Forensic scientists examining the exhumed body of the Frederick germ warfare researcher who died more than 40 years ago days after unwittingly taking LSD in a CIA experiment say they have found skull fractures that could point to homicide rather than the official verdict of suicide.
Frank R. Olson, a civilian researcher at the Army's Fort Detrick, died in a fall from a New York hotel window.
Investigators at George Washington University are making a copy of Mr. Olson's skull to study a number of fractures missed by the first autopsy and to determine whether they are consistent with the original coroner's ruling that his death was a suicide.
The Olson family believes that Mr. Olson did not take his own life and that he might have been killed. Last month, at the request of Mr. Olson's sons, Eric and Nils, an investigative team had Mr. Olson's remains exhumed from a Frederick County cemetery and taken to Hagerstown for an autopsy by a forensic pathologist.
When Mr. Olson died, his family, the New York police and the coroner knew nothing of his experience with LSD. He had become despondent and depressed after taking the drug, but the original investigators of his death believed he was just someone who had come to New York seeking psychiatric help.
Dr. James L. Frost, deputy medical examiner for West Virginia and a former deputy medical examiner for Maryland, conducted the recent autopsy in Hagerstown after the body was exhumed June 2.
He said he can understand why the original medical examiner did not photograph or X-ray the body: The death appeared to be a routine suicide.
"Who knows how many suicides they had that night, that week or that month in New York," Dr. Frost said.
In the mid-1970s, the Olson family and the public learned about the LSD experiment. Questions have haunted them since, and a $750,000 settlement and federal pension -- along with an apology from President Gerald R. Ford -- did not answer them.
James E. Starrs, a forensic scientist and law professor at George Washington, and his team say they hope to find answers. In addition to Dr. Frost's autopsy, a Baltimore physician is running toxicology tests on skin and tissue samples, looking for evidence that could determine whether Mr. Olson was drugged at the time of his death.
At York College in Pennsylvania, a forensic anthropologist is studying Mr. Olson's bones to try to determine how he sustained his injuries.
Six weeks into the investigation, the team has drawn no hard conclusions, although its efforts have spawned intriguing questions.
For example, after examining and X-raying the body, researchers discovered many more head injuries than the single, small skull fracture reported in the original autopsy, Mr. Starrs said.
Mr. Olson had a fracture across the top of his skull, from ear to ear, and one at the base of his skull. Further study may reveal more fractures, researchers said.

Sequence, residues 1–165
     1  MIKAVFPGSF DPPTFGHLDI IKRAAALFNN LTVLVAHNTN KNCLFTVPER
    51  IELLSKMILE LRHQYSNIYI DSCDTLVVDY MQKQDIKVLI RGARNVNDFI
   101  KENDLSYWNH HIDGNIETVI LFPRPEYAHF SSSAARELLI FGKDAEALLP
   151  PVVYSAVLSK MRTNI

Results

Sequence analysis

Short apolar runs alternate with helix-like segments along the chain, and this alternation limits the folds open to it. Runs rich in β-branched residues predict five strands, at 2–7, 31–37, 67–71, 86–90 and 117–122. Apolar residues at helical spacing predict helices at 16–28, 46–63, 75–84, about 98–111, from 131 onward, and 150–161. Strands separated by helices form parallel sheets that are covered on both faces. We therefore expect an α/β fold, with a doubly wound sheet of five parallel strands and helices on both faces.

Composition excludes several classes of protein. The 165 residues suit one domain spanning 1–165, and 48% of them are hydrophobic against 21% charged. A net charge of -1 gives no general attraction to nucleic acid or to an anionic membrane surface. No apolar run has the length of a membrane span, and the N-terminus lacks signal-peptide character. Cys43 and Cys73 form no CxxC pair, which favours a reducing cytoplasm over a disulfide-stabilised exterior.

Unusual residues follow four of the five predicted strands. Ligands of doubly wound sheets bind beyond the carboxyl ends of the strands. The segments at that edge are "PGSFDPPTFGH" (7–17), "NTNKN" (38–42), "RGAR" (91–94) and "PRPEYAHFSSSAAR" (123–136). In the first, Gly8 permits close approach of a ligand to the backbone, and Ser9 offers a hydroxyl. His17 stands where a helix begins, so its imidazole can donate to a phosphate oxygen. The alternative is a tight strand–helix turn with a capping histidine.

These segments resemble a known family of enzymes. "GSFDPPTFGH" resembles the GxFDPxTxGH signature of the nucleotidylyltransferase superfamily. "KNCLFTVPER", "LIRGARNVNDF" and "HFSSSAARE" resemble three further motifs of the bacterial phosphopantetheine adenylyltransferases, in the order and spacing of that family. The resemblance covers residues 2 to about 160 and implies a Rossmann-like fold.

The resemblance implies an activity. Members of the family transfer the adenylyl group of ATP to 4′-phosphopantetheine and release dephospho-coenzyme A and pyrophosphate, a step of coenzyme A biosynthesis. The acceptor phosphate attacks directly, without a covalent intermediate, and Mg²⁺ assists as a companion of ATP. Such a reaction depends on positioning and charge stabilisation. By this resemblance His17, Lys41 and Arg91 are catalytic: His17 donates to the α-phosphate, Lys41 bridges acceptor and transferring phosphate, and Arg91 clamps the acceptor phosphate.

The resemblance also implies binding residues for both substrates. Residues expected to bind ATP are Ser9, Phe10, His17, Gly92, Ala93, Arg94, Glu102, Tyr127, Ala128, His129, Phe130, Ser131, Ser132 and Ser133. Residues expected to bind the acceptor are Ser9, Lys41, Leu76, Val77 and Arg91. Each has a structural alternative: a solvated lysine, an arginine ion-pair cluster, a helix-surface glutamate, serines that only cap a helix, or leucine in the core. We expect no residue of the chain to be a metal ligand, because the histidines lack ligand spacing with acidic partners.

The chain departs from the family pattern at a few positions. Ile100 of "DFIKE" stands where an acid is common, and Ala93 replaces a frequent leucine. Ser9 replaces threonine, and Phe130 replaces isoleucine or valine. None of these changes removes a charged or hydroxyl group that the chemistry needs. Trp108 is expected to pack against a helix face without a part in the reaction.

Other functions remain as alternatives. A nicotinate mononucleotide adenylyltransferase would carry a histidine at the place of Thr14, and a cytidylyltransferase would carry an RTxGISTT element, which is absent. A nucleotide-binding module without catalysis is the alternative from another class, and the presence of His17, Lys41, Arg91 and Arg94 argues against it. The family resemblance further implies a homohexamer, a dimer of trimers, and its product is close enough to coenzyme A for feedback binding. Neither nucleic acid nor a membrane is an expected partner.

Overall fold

Dr. Frost said the scientists wonder how Mr. Olson could have sustained so many head injuries when he apparently hit the ground feet first -- both of his legs were broken in the fall.
Mr. Starrs said there are several possible explanations for the additional head wounds. Mr. Olson could have injured his head diving out the window, or he could have hit an obstruction on the way down.
"There have to be explanations," he said. "And one of the possible explanations is homicide, it's quite clear."
Other questions include:
* In the original autopsy, the coroner noted scratches and abrasions on Mr. Olson's face and neck, the kind of injuries expected if someone had crashed face-first through a closed window. But Dr. Frost and other scientists found no such scratches on the corpse.
"Maybe he didn't go out face first," Mr. Starrs said. "Maybe he went out feet first."
* Dr. Robert Lashbrook, a CIA scientist who was in the hotel room with Mr. Olson that night, reported waking to the sound of a crash through the window.
Mr. Starrs said that copies of the original police reports obtained by the family in the 1970s list witnesses who confirmed Dr. Lashbrook's account, but their names were blacked out. Mr. Starrs said he is attempting to get unedited copies of the original reports in hopes of finding the mystery witnesses.
* The night Mr. Olson died, someone may have stayed in the adjacent room, which had a connecting door to Mr. Olson's room. Mr. Starrs is trying to get hotel employees to track down guest register to find out who, if anyone, was in the adjoining room.
The CIA has issued a neutrally worded statement on the latest investigation.
"The death of Frank Olson in 1953 was extensively investigated in the Congress and the executive branch," said spokeswoman Suzanne Wheeler Klein.
"We have read the press reports on the private forensic investigation currently in progress at the behest of the Olson family. If the conclusions of that investigation include any new information on the case, it obviously should be brought to the attention of the law enforcement authorities."